Is Your Nurse Actually Qualified Or One Of Thousands Of Frauds?Investigators are cracking down on an alleged $100 million scam. Tenor
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When it comes to health care, it is important to be able to trust the training and expertise of providers, including the nurses who provide so many services to aid the doctors and other specialists at any facility.
Unfortunately, the U.S. Department of Justice announced this week that many people working as nurses didn’t complete the study and coursework needed for accreditation.
“One of the most brazen schemes that I’ve seen”
Health and Human Services Special Agent in Charge Omar Perez Aybar offered some details about an ongoing investigation into what is being described as a $100 million scam involving fraudulent diplomas and transcripts.
It is believed that thousands of supposed nurses actually paid their way to qualification instead of taking certain aspects of the national exam required to legitimately receive a license.
Aybar explained that the fraud has led investigators through the states of Florida, New York, New Jersey, Texas, and Delaware, where the forged paperwork was allegedly sold to those seeking a shortcut into the nursing profession.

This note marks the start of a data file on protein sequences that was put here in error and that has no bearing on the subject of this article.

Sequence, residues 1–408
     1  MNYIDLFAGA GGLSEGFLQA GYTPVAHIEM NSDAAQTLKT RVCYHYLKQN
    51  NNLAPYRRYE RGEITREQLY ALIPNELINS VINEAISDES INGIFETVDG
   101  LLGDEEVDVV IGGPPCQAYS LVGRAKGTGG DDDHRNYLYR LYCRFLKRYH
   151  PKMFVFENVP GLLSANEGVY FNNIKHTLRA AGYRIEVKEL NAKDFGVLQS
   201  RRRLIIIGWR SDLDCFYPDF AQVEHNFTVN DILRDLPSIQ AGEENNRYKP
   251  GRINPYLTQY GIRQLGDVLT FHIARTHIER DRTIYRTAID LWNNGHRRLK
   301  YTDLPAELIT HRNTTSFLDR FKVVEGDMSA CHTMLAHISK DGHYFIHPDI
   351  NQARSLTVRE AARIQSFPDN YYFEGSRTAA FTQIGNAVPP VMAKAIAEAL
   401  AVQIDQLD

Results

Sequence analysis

“For them, it was worth the investment, or the risk," he asserted, concluding: “It does shock the mind.”
“Shortcut is not a word we want to use”
Along with the DOJ and HHS, the FBI is also involved in the investigation that has led to criminal charges against more than two dozen suspects already.
For his part, U.S. Attorney for the Southern District of Florida Markenzy Lapointe elaborated on why this alleged crime is such a serious matter.
“When we take an injured son or daughter to a hospital emergency room, we don’t expect — really cannot imagine — that the licensed practical nurse or registered nurse treating our child took a shortcut.”
Bypassing the system, he said, an underqualified nurse skipped “hundreds, if not thousands, of hours of clinical training.”